An occasional list of things that should be banned in writing
1. The word 'then'. I was chatting about this with my Wicked Friend the other day. He had sharpened up his latest manuscript by deleting every then. He said it had made all the difference. Then is a lazy word. Writers use it because they can't work out how to travel through a scene.
"Then the mysterious jewel thief climbed down the cathedral. Then he passed some stained glass windows of Jesus and then he was was struck by romantic thoughts."* (Jesus does that to me too.)
2. Attributing lack of sound and motion to dumb, motionless objects.
"Notre Dame stood silent and still in the moonlight."*
Did it really? You mean it wasn't engaged in a Breton folk dance whilst singing La Marseillaise as is its usual wont when the moon is bright?
With several hundred thousand words to go, I have already been acquainted with motionless armchairs, tables, wardrobes, cottages, rocks, mountains and teapots. None of them are singing, whispering, shouting, chortling or burping. Their unnatural silence is unnerving.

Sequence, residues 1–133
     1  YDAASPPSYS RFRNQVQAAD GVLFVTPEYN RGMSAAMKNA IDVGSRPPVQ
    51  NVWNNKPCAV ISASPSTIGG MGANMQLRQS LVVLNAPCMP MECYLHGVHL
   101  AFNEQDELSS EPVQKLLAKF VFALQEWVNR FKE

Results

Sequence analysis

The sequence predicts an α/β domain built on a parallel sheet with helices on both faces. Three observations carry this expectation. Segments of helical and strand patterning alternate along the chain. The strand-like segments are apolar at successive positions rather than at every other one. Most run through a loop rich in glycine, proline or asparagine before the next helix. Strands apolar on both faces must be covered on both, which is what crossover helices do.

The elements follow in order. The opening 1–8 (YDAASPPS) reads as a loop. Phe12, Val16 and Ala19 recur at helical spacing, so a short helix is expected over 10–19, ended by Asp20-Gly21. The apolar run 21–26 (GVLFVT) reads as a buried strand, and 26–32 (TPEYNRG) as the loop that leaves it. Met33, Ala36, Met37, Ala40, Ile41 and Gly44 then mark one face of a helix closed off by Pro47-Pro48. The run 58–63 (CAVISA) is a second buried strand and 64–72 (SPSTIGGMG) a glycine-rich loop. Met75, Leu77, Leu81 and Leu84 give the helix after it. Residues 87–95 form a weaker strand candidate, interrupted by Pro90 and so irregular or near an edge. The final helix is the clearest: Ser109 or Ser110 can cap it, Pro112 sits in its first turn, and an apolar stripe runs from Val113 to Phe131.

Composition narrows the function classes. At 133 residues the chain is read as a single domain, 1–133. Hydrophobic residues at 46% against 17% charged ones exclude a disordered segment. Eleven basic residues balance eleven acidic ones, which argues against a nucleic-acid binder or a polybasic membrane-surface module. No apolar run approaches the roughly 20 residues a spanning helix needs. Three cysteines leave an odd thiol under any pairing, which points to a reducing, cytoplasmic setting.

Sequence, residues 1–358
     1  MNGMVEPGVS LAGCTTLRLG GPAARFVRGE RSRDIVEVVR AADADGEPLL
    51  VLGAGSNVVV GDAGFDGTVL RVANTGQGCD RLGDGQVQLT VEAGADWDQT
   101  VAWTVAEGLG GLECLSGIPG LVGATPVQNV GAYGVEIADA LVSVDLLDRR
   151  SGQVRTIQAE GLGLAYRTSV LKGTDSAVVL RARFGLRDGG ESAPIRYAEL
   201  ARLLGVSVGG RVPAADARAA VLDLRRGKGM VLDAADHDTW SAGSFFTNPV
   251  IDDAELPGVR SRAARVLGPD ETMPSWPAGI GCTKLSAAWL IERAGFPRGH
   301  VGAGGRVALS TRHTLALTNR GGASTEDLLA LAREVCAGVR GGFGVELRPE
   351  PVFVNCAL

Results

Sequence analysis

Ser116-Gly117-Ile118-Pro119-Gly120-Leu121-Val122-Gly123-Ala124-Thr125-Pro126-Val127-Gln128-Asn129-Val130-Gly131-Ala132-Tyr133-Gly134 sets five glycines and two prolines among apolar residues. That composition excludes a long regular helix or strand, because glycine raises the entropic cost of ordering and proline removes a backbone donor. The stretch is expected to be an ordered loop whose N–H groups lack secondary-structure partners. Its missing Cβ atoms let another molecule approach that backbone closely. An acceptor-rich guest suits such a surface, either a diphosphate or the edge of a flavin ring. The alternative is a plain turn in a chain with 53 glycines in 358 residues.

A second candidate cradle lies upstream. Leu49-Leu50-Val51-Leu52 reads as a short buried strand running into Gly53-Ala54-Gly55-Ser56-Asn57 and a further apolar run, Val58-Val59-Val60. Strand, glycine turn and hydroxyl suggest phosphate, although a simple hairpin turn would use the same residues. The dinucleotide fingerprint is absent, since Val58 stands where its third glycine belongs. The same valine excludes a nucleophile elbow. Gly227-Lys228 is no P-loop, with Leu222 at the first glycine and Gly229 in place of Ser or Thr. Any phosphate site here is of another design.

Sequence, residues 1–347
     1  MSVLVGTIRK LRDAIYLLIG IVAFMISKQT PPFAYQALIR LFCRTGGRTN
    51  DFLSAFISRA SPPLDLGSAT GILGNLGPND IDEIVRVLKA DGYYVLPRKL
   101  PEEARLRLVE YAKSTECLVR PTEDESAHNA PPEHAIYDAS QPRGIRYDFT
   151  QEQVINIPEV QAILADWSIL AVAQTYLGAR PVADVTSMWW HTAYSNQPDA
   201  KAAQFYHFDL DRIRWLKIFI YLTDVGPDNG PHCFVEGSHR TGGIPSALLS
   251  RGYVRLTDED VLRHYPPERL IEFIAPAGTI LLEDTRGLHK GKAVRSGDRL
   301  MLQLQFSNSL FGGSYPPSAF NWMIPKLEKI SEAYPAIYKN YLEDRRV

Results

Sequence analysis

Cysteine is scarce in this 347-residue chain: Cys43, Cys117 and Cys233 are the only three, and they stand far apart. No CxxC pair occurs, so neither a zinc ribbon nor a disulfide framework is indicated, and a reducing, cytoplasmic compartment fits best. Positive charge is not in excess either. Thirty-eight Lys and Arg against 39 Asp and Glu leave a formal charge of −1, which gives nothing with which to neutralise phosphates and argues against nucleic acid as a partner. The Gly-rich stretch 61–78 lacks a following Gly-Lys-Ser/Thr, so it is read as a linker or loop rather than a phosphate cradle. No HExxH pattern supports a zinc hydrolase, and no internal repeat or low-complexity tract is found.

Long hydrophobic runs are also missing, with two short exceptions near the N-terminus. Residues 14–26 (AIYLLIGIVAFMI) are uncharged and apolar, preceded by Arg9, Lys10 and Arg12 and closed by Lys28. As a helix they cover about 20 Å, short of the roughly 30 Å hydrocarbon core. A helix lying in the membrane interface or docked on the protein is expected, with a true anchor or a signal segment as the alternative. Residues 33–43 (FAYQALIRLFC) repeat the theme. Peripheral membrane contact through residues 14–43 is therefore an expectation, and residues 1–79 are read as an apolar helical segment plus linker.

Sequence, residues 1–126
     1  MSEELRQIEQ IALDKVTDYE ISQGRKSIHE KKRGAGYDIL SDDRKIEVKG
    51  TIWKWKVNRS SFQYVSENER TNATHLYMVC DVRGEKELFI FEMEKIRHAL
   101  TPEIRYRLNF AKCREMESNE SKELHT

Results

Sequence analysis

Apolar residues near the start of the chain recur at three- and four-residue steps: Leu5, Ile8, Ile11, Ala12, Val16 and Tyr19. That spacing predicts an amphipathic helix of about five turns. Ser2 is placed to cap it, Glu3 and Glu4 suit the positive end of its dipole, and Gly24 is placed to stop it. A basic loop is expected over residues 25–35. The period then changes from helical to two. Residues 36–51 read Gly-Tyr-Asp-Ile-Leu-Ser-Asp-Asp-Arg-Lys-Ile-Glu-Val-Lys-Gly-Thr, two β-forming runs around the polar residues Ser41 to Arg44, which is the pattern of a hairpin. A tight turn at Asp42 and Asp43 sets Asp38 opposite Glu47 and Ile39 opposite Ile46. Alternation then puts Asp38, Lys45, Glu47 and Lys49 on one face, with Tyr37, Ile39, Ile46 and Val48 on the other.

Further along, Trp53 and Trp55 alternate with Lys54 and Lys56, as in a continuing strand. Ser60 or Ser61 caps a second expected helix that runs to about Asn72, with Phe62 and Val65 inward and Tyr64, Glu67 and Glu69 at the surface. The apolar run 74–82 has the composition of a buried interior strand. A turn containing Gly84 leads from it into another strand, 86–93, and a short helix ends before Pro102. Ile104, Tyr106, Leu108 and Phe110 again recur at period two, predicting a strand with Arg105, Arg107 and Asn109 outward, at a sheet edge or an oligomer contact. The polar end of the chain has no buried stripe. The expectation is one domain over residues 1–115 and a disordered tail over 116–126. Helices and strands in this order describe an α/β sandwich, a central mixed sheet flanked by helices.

3. Characters who behave out of character. For example, a 'well-respected psychiatrist' who says (at the first appointment) to the disturbed patient who is having 'visions':
"It's probably your guardian angel. Have you tried speaking to her?"*
These days, medics only have to suggest that you can catch chlamydia from an unwashed turnip to be struck off. Surely Guardian Angels are also beyond the pale?
4. Spell check. I hate spellcheck. It has turned far too many brains to mush.
"He [The mysterious jewel thief] was hair to the thrown. Then he gained access to the Presidential Sweets in the Paris Ritz Hotel."*
But then, as my Wicked Friend suggested: "Perhaps, after all the romantic thoughts - thank you Jesus! - the jewel thief was actually sucking Sarkozy's bonbons?"
* I am not making this stuff up.